What is sarcoidosis and how does it affect the body?
Q: What is sarcoidosis and its causes? How can it be cured? I have been diagnosed with tuberculosis at d7 and d8 along with sarcoidosis. Please help.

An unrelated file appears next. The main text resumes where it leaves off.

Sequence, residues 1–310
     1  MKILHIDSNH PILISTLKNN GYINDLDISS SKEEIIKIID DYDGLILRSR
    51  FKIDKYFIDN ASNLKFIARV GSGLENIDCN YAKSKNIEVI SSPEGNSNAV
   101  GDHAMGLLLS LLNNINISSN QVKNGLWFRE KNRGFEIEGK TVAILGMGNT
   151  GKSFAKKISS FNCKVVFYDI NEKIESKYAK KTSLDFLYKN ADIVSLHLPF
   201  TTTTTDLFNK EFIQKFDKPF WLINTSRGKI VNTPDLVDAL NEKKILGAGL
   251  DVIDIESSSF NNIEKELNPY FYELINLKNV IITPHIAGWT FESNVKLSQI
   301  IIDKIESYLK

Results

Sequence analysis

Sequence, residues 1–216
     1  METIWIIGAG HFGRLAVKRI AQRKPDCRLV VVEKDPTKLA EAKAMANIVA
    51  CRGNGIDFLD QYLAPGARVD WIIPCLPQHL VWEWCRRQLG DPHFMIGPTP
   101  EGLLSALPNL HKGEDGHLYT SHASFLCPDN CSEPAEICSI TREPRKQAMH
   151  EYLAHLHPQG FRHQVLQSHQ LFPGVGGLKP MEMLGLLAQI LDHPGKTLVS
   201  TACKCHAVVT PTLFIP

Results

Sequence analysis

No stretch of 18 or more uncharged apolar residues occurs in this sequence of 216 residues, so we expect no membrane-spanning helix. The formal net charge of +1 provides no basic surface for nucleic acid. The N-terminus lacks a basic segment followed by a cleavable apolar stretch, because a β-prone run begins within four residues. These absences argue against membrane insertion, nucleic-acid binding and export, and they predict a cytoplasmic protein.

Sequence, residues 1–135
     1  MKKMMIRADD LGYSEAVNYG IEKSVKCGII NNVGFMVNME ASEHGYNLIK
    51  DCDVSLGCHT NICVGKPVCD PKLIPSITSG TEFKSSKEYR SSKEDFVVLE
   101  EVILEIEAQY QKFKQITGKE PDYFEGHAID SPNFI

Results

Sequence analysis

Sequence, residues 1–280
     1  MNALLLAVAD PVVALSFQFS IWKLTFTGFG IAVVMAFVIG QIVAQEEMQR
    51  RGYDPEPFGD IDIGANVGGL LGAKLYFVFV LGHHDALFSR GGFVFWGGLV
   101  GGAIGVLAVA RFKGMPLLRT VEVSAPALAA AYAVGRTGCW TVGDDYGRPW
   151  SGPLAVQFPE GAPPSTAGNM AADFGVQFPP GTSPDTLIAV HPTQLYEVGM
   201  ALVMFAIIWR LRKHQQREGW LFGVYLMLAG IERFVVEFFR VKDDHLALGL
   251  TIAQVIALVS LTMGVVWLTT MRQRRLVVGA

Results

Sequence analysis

A:Both TB and sarcoidosis have similar symptoms so an accurate diagnosis is a must. Here is some information on sarcoidosis. Sarcoidosis involves inflammation that produces tiny lumps of cells (called granulomas) in various organs in your body. They are very small and can be seen only with a microscope. If many granulomas form in an organ, they can affect how the organ works. Sarcoidosis can occur in almost any part of your body, although it usually affects some organs more than others. It usually starts in lungs or the lymph nodes, especially in the chest cavity. It also often affects the skin, eyes and liver. Less often, sarcoidosis affects the spleen, brain, nerves, heart, tear glands, salivary glands, bones and joints. Sarcoidosis almost always occurs in more than one organ at a time. Sarcoidosis has an active and a non-active phase. In the active phase, the granulomas form and grow. In this phase, symptoms can develop, and scar tissue can form in the organs where the granulomas occur. In the non-active phase, the inflammation goes down, and the granulomas stay the same size or shrink. But the scars may remain and cause symptoms. The course of the disease varies greatly among people. In many people, sarcoidosis is mild. The inflammation that causes the granulomas may get better on its own. The granulomas may stop growing or shrink. Symptoms may go away within a few years. In some people, the inflammation remains but doesn't get worse. You may also have symptoms or flare-ups and need treatment every now and then. In other people, sarcoidosis slowly gets worse over the years and can cause permanent organ damage. Although treatment can help, sarcoidosis may leave scar tissue in the lungs, skin, eyes, or other organs. The scar tissue can affect how the organs work. Treatment usually does not affect scar tissue.